At that moment I grabbed my water bottle and used it to illustrate a simple view of the core as a singular unit as opposed to a jumble of parts. Here’s a short version how the speech goes (for a full version, get the Level 1 Kettlebell Manual):

A plastic water bottle, even an empty one, can support a good portion of my bodyweight without any issue. Assuming I can balance on it, it can support my entire bodyweight with a degree of deformity occurring.
Now if put the tiniest hole in the bottle, or simply unseal the lid, it will collapse under a fraction of that weight.
How does the sealed bottle hold me up where an open one collapses? It is after all the same bottle made of the same thin plastic.

A sealed empty plastic bottle supporting a 10kg plate

A sealed empty plastic bottle supporting a 10kg plate

But if we remove the lid....

But if we remove the lid….

It’s the internal air pressure that supports my weight. The walls of plastic merely present the air escaping so that there is sufficient pressure to support me. As soon as the air finds a way out, through a weak spot in the plastic, the bottle collapses.
This is almost exactly how our abdomen works when we are generating high levels of force. The air pressure in the torso stiffens the body so that the hips and shoulders can use it as a platform to push from.
The water bottle even helps us with the anatomy.
The front side is our Rectus Abdominis, or “6 pack.” Directly opposite this on the back of the body is the Erector Spinea. The sides represent our obliques.
The label illustrates the Transverse Abdominis nicely as it goes around the bottle, albeit on the outside rather than the inside.
The base of the bottle is the Pelvic Floor and the lid represents the Diaphragm.When all of these elements are working together, we are strong. Individually they are pretty much useless.

How does this help us?
It shows us how the core works as a unit, stiffening to both protect the body ans also to transfer force from one end of the body to another.
For our martial artist, that means when his fist lands, the core stiffness so that the force is transferred not just into, but through his opponent with minimal recoil reverberating back through himself.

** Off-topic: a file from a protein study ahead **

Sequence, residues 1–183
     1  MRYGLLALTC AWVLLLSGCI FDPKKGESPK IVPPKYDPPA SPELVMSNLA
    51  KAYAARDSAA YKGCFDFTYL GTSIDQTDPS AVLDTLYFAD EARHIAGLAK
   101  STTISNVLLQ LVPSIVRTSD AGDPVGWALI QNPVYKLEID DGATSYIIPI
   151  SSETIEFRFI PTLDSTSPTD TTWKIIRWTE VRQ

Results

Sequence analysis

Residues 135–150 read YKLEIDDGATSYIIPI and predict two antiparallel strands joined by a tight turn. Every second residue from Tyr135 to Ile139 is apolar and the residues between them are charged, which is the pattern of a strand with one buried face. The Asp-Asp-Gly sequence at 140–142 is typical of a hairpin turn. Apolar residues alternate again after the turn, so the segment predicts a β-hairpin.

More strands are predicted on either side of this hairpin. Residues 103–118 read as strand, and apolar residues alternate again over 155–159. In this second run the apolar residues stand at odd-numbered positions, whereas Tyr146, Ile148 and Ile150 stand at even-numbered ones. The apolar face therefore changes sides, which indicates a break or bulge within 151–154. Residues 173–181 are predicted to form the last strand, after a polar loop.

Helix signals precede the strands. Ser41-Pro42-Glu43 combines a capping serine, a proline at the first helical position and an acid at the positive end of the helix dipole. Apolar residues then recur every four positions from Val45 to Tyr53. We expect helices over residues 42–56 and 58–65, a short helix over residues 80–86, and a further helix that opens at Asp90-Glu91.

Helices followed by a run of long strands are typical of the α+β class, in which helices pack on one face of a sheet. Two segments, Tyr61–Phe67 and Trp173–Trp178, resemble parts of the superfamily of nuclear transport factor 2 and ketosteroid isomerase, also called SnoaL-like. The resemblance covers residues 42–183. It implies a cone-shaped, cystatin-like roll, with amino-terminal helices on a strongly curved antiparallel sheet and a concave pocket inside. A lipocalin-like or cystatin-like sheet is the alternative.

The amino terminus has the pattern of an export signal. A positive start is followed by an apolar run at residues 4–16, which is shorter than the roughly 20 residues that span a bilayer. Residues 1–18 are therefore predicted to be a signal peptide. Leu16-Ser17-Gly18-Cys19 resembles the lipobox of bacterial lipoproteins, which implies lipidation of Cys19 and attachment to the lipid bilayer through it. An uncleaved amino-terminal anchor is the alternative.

2 – From the Hips to the Shoulders

I don’t use this one as much as the water bottle idea, but I find it useful for getting the contact athletes and fighters to reconsider their training needs.
It’s a simplified version of the next definition that follows this.
The way I like to illustrate this is with 2 pens and an elastic band.
Put a pen through the band and hold it steady, now put the other pen through it and start twisting. After a few twists hold that pen steady and release the bottom one. What happens?

That’s right, the bottom pen spins as the band unwinds. That’s exactly how a Thai boxer throws a kick, wind the top so that the bottom whips around.



Now if the bottom pen is out hip and the top pen is our shoulder, then the band is our core. What connects the hip to the shoulder? A whole host of muscles, including everything talked about in the Water Bottle idea and adding in the Glutes, Lats, Rhomboids, Traps and so on and so forth.
Look at thrower, be it shot put or baseball, doesn’t matter. See how the et their hip all the way around so the torso is twisted like our elastic band visual. Then, as the torso teaches its maximal stretch it snaps the shoulder through, whipping th arm out and propelling the
ball at rocket speed towards the target.
Every muscle that was involved in that stretch can be construed as the core. It’s not just your abs, it’s the entire connection between the hips and shoulders.

3 – The Spine

This is the real core.
It is a series of 33 bones, 24 of which are able to articulate against the bone above and below it. The spine can flex, extend and rotate, essentially moving in each and every plane. It also protects our spinal cord and acts as an anchor point for a huge amount of muscle.

If we really want to talk about our core, we have to talk about the spine.
In the world of power generation and athletic movement, the spine is a BIG player. Let’s use throwing a punch as an example: